Petitioner is a state prisoner proceeding pro se with an application for a writ of habeas corpus pursuant to 28 U.S.C. § 2254, challenging his 2006 judgment of conviction entered in the Sacramento County Superior Court. Petitioner has paid the filing fee. Pending before the court is petitioner's motion for a stay and abeyance.
PETITIONER'S MOTION FOR A STAY AND ABEYANCE
In his motion, petitioner explains that the conviction which he is seeking to challenge became final in February of 2008, and that he filed his first state habeas petition in the Sacramento County Superior Court in August 2008. Petitioner alleges that on direct appeal in the state courts he exhausted all of the claims set forth in his federal petition, except claims three and four. Petitioner has also expressed his concern that the one-year federal statute of limitations may expire if the court does not stay this action because state courts need several months to review state habeas petitions. (Mot. for Stay & Abey. at 1-2.)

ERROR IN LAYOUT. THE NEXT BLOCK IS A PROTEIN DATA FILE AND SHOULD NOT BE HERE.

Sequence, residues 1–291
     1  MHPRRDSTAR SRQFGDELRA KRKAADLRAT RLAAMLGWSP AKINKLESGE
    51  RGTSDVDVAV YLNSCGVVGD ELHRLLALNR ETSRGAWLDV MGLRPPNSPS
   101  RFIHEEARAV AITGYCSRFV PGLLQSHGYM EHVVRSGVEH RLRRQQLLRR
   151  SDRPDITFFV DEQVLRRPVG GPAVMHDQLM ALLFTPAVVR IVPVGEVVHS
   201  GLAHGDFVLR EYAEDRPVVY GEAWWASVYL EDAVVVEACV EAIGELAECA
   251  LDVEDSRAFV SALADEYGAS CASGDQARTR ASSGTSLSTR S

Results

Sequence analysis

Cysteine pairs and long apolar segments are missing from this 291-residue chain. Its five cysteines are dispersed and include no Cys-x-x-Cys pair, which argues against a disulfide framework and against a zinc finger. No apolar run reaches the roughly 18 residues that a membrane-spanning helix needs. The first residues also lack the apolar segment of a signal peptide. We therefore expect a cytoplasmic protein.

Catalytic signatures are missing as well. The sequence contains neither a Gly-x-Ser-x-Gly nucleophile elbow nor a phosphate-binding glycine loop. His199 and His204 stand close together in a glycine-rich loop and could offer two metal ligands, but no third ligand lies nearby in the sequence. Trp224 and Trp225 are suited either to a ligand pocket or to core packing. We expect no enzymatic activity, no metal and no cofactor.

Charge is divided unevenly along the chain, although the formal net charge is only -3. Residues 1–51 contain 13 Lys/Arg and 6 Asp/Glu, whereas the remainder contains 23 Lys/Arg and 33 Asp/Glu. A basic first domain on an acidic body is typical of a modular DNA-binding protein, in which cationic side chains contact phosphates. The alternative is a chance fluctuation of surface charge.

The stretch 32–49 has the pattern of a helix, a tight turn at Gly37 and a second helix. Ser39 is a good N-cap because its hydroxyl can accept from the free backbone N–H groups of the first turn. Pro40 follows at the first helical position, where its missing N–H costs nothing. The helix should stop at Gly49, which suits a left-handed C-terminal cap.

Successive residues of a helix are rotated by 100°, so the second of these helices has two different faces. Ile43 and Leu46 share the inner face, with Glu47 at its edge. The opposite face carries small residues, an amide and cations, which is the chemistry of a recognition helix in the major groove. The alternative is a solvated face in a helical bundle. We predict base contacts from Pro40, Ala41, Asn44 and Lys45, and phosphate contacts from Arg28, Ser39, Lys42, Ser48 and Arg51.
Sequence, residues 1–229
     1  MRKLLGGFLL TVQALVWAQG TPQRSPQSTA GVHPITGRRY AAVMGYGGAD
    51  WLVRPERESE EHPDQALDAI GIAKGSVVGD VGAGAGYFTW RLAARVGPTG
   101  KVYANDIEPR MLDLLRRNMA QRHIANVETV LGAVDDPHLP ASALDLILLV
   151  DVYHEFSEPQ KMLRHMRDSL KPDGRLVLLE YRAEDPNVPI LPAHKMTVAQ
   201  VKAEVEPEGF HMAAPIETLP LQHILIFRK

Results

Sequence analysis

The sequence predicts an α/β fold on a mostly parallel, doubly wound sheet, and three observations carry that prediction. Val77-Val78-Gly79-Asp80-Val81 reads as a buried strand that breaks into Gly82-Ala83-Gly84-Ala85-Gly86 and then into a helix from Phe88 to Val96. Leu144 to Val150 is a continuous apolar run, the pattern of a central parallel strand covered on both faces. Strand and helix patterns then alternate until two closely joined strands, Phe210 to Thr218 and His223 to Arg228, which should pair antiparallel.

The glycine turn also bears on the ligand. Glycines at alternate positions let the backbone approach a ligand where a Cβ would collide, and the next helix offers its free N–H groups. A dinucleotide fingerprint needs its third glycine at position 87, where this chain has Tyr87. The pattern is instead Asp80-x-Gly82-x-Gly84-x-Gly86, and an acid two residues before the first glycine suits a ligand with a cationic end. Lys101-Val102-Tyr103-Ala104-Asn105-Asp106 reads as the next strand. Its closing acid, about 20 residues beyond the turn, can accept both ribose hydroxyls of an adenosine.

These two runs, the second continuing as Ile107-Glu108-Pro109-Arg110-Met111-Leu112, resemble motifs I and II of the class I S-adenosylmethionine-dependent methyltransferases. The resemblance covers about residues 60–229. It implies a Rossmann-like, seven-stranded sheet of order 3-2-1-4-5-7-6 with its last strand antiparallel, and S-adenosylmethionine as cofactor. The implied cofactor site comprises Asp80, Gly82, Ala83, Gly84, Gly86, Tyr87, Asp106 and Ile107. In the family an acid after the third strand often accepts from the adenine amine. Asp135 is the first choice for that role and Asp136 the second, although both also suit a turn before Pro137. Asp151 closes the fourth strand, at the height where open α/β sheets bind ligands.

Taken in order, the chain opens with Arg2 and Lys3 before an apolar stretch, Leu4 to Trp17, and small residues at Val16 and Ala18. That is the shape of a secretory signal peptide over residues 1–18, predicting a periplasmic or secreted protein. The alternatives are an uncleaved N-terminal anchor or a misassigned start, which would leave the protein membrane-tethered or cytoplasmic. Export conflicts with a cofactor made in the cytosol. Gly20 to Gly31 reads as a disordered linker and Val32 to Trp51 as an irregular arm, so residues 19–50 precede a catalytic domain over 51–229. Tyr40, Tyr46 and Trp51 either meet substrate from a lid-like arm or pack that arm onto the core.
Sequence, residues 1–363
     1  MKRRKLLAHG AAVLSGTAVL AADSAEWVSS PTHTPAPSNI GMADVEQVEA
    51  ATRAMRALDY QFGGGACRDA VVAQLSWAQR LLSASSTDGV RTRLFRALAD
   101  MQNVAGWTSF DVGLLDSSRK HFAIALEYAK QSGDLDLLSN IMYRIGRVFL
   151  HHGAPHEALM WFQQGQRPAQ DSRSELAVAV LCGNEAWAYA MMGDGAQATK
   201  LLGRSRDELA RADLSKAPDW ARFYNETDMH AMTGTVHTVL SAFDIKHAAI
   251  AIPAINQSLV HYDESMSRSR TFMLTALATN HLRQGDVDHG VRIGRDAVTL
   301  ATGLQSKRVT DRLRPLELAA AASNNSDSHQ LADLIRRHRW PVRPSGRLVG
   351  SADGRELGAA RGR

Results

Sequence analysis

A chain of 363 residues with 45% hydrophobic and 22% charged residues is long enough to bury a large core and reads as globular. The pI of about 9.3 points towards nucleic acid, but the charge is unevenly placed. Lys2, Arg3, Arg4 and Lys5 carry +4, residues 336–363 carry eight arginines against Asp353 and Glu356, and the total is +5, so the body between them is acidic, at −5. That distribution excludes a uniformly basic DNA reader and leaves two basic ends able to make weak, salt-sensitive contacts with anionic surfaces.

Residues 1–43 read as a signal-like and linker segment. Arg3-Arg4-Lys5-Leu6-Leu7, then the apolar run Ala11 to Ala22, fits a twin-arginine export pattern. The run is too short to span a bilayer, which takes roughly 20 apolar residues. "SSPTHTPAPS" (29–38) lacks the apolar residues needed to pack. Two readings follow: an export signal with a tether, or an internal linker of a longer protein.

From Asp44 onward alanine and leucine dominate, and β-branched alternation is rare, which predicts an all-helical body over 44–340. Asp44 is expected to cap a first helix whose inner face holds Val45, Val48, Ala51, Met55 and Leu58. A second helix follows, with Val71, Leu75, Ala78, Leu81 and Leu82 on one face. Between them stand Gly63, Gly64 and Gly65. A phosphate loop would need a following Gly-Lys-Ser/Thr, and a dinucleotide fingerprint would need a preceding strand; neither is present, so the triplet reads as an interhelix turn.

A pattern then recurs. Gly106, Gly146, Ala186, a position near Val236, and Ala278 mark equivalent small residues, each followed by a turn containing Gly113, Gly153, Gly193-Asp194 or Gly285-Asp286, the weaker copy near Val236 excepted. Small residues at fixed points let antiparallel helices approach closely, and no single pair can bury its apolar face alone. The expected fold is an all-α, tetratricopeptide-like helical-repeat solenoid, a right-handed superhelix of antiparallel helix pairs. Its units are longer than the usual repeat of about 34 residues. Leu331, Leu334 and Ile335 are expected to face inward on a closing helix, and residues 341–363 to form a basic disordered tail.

THE AEDPA STATUTE OF LIMITATIONS
On April 24, 1996, Congress enacted the Antiterrorism and Effective Death Penalty Act ("AEDPA"). AEDPA amended 28 U.S.C. § 2244 by adding the following provision:
(d) (1) A 1-year period of limitation shall apply to an application for a writ of habeas corpus by a person in custody pursuant to the judgment of a State court. The limitation period shall run from the latest of --
(A) the date on which the judgment became final by the conclusion of direct review or the expiration of the time for seeking such review;
(B) the date on which the impediment to filing an application created by State action in violation of the Constitution or laws of the United States is removed, if the applicant was prevented from filing by such State action;
(C) the date on which the constitutional right asserted was initially recognized by the Supreme Court, if the right has been newly recognized by the Supreme Court and made retroactively applicable to cases on collateral review; or
(D) the date on which the factual predicate of the claim or claims presented could have been discovered through the exercise of due diligence.
(2) The time during which a properly filed application for State post-conviction or other collateral review with respect to the pertinent judgment or claim is pending shall not be counted toward any period of limitation under this subsection.
The AEDPA's one-year statute of limitations applies to all federal habeas corpus petitions filed after the statute was enacted and therefore applies to the pending petition in this case. ...